Posted on Lug 2, 2020 in News


Can the small claims procedure be a helping tool to react to some problems arising from the Covid-19?
Yes, of course! Let’s think about the non-refund of money paid for a service that cannot be performed, in particular for a travel that we could not realize considering warnings or restrictions at borders.
On 13 May the Commission adopted a recommendation on this issue. In the Recommendation on vouchers offered to passengers and travellers as an alternative to reimbursement for cancelled package travel and transport services in the context of the COVID-19 pandemic (click here to read the Recommendationt text), the EC has clarified that several EU Regulation (see Regulations (EC) No 261/20046, (EC) No 1371/20077, (EU) No 1177/20108 and (EU) No 181/20119 of the European Parliament and of the Council – “the Union passenger rights Regulations”) provide for passenger rights in the event of cancellations. In the event of a cancellation by the carrier, passengers have the choice, to be offered to them by the carrier, between reimbursement (refund) and re-routing. As re-routing is hardly applicable under the present circumstances, the de facto choice is mainly between the various possibilities for reimbursement.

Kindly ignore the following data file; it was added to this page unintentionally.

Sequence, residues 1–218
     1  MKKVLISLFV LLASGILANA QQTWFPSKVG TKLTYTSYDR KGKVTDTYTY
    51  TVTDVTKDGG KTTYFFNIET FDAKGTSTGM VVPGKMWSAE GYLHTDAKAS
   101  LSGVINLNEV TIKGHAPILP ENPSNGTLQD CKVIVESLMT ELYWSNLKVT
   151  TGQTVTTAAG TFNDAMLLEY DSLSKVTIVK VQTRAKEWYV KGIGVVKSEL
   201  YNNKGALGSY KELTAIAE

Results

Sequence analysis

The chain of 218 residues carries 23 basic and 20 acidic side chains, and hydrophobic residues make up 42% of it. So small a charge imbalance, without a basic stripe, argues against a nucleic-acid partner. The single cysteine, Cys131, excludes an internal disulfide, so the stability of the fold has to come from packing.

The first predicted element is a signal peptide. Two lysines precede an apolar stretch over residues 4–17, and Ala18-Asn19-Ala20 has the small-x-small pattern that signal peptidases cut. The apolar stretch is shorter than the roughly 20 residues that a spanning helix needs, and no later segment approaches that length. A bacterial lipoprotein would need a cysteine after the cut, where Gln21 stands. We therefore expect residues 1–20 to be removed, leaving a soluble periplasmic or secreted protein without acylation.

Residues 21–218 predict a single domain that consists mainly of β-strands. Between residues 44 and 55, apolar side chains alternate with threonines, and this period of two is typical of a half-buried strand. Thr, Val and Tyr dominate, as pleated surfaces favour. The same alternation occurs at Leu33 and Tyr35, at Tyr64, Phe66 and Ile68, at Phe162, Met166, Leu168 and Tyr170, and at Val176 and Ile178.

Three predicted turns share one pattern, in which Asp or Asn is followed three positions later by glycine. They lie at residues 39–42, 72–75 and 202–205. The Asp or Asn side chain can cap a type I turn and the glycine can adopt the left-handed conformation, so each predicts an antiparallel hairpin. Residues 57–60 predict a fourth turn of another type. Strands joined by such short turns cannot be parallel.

Therefore, passengers have the right to get a full refund and the right to choose between cash reimbursement and reimbursement in the form of a voucher.
Even if the numerous cancellations entailed by the COVID-19 pandemic can led to liquidity problems for the operators and, if operators become insolvent, there is a risk that many travellers and passengers would not receive any refund at all, this cannot lead to a violation of the right to reimbursement.
The Justice and Transport Commissioners, Didier Reynders and Adina Valean, have sent a formal letter to several Member States asking to review the law adopted and allow travellers to choose between a full refund or a voucher. Italy, for instance, has to provide a satisfactory response before 28 May. The European Commission can decide to start an infringement procedure if interested Member State will no respect EU law establishing the right to receive a reimbursement.
In Italy, the Antitrust Authority has sent a report to Parliament and to the Government pointing out that Article 88-bis is in contrast with current European legislation, which, in the event of cancellation due to unavoidable and extraordinary circumstances, provides for the consumer’s right to obtain a refund.
Of course it will be important follow the development of the dialogue between Member States and Commission, but we can assume that the European Small Claims Procedure can be an helpful instrument to ask the reimbursement to the travel company or to the tour operator based in another Member State if they only offer a voucher!